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Jewish World Review
Oct. 3, 2008
/ 4 Tishrei 5769
House Members Vote for Job Security Their Own: Out of 435, seven profiles in courage
John H. Fund
The House vote rejecting the financial rescue package wasn't so much a partisan vote as one that divided members who have safe seats from members who face potentially competitive elections on November 4.
Of the 205 members who wound up voting for the bill, only seven four Democrats and three Republicans can be said to come from districts where they face a tough race. By contrast, of the 31 members retiring this year, all but five supported the package. Indeed, nearly a third of the 65 House Republicans who backed the bailout are leaving office in just a few weeks. They faced no political consequences from their votes.
A lot of political firepower will now be focused back home on the seven vulnerable members of either party who voted for the unpopular bailout. "I anticipate a flood of money accusing them of selling out their constituents to deliver early Christmas presents to bankers and fatcats," one worried K Street lobbyist in Washington told me.
The three Republicans are Christopher Shays of Connecticut, Mark Kirk of Illinois and Jon Porter of Nevada. Of the trio, Messrs. Shays and Kirk represent upper-income districts filled with savvy investors who may appreciate rather than revile their vote. Mr. Porter, on the other hand, represents fast-growing Las Vegas suburbs filled with people who likely know little about him and who soon will be deluged with ads attacking him for his vote.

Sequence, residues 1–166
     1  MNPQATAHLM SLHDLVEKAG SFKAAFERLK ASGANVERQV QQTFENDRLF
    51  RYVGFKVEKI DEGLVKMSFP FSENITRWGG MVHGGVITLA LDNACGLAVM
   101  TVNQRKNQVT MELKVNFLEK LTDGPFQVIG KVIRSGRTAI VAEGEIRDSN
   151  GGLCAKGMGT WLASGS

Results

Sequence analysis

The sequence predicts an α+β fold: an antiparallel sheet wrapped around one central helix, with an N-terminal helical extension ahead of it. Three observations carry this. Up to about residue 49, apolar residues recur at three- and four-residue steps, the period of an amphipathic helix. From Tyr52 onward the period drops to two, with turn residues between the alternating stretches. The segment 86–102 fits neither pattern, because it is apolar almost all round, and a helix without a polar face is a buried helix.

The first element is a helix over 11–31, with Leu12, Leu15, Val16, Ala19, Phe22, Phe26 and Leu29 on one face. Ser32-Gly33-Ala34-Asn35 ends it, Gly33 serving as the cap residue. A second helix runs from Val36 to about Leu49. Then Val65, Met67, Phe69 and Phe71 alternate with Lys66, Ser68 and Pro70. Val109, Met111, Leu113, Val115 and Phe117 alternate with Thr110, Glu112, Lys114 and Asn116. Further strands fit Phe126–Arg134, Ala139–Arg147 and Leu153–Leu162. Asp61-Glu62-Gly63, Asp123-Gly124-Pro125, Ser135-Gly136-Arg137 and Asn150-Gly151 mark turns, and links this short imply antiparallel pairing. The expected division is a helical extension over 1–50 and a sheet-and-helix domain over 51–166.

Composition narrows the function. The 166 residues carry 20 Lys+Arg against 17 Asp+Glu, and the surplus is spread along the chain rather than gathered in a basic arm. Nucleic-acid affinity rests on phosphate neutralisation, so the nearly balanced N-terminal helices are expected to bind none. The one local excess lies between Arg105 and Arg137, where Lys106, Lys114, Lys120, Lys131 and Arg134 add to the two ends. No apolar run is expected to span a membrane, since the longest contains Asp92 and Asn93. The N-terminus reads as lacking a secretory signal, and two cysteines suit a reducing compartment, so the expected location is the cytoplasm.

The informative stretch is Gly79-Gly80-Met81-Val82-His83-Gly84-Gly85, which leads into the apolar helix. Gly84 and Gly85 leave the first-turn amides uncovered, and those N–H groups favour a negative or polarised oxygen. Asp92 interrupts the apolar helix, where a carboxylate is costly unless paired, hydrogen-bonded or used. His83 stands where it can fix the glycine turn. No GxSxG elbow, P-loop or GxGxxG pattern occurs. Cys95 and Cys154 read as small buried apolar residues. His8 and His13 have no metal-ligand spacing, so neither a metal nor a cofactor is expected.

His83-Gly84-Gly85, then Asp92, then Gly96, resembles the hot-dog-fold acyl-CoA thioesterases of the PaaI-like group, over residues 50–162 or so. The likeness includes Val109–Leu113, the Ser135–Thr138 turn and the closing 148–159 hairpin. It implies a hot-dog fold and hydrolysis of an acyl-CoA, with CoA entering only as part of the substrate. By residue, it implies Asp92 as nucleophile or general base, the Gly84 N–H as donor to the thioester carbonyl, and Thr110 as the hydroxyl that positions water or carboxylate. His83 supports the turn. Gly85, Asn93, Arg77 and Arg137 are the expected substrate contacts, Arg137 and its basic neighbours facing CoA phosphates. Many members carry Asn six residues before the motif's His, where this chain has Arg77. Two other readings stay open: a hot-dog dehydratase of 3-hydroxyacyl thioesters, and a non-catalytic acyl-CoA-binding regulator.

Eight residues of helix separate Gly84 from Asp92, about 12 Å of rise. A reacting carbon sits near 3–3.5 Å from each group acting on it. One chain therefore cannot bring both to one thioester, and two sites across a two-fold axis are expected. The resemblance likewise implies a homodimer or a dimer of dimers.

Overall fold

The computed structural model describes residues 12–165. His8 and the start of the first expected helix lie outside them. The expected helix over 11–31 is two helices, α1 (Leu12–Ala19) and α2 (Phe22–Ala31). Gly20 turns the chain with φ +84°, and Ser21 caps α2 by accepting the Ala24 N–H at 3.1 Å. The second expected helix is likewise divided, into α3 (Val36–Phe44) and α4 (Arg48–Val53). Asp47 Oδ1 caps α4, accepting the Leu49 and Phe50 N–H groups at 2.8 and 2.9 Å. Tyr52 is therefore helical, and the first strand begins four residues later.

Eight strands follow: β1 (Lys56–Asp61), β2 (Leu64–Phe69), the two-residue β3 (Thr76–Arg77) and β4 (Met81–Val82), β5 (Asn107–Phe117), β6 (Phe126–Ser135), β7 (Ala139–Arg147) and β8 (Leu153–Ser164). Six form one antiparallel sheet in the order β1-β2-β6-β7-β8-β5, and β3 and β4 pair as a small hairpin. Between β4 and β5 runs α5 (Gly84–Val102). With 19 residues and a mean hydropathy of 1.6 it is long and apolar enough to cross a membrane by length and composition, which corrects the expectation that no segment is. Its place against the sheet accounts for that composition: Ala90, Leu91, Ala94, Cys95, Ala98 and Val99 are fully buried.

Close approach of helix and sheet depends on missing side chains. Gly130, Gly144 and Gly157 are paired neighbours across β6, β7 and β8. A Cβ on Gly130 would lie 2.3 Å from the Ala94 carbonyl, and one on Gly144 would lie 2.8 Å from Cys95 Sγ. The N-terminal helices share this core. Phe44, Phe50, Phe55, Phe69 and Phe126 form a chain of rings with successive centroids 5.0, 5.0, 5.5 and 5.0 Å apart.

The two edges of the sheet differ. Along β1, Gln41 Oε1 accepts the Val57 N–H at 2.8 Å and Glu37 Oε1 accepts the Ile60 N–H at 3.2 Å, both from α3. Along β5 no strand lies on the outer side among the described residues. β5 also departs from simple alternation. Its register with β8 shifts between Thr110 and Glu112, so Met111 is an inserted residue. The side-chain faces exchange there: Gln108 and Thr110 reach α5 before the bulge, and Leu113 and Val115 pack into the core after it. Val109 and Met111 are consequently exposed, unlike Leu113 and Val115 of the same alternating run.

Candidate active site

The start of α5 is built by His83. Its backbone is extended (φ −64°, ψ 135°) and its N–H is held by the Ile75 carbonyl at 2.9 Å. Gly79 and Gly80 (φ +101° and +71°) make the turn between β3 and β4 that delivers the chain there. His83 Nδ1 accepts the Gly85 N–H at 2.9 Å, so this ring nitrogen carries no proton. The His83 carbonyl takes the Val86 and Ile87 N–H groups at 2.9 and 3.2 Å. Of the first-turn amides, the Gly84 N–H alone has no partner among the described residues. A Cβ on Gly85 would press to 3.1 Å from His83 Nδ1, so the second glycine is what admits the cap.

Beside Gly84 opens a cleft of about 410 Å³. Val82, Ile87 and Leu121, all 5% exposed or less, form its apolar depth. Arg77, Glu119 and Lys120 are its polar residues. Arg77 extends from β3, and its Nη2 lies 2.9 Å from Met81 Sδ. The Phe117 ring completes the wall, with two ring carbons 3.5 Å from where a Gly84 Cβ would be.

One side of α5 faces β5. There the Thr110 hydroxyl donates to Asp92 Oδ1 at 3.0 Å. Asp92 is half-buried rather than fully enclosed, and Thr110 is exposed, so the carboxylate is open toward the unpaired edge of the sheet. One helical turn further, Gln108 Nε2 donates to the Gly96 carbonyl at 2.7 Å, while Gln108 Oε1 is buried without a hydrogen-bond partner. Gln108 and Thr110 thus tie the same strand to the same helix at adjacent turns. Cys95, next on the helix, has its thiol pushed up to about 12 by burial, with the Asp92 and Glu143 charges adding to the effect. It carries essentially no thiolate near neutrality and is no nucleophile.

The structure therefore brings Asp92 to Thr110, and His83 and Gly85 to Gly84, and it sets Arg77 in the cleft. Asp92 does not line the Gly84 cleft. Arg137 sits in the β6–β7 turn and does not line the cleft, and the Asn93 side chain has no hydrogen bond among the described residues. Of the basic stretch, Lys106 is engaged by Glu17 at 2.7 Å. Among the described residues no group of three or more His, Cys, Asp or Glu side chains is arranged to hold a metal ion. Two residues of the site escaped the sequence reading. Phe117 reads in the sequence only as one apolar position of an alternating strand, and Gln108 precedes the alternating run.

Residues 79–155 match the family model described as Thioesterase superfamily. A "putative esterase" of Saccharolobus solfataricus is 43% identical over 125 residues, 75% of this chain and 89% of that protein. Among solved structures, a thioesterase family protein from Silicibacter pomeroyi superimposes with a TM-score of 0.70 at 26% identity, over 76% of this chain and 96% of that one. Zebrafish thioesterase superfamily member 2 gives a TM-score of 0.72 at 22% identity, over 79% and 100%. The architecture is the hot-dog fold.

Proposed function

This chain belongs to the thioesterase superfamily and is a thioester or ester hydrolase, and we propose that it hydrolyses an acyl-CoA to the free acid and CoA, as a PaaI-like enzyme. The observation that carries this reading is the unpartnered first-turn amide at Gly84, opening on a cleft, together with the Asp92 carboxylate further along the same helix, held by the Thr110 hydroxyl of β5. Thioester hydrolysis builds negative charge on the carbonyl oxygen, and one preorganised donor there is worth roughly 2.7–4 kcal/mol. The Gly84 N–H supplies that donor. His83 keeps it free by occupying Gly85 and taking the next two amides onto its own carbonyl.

The four Democrats who stuck their necks out are Jerry McNerney of California, Tim Mahoney of Florida, Paul Kanjorski of Pennsylvania and Jim Marshall of Georgia. Mr. Kanjorski is already in hot political water over earmarks that benefited his family. Mr. Marshall won election by only a single percentage point last year in a highly populist area. Both Mr. Mahoney and Mr. McNerney represent usually Republican seats captured in surprising upsets last year. All four have now put their political careers at risk.
Once again, the old political adage holds that where a politician stands depends on where he sits. If a legislator occupies a safe seat, there's a good chance he or she voted for the bailout bill. Indeed, except for the vulnerable seven, the Congressional leadership clearly laid a goose egg when it came to rounding up votes among politically vulnerable members.
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JWR contributor John H. Fund is author, most recently, of "Stealing Elections: How Voter Fraud Threatens Our Democracy". (Click HERE to purchase. Sales help fund JWR.)
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© 2006, John H. Fund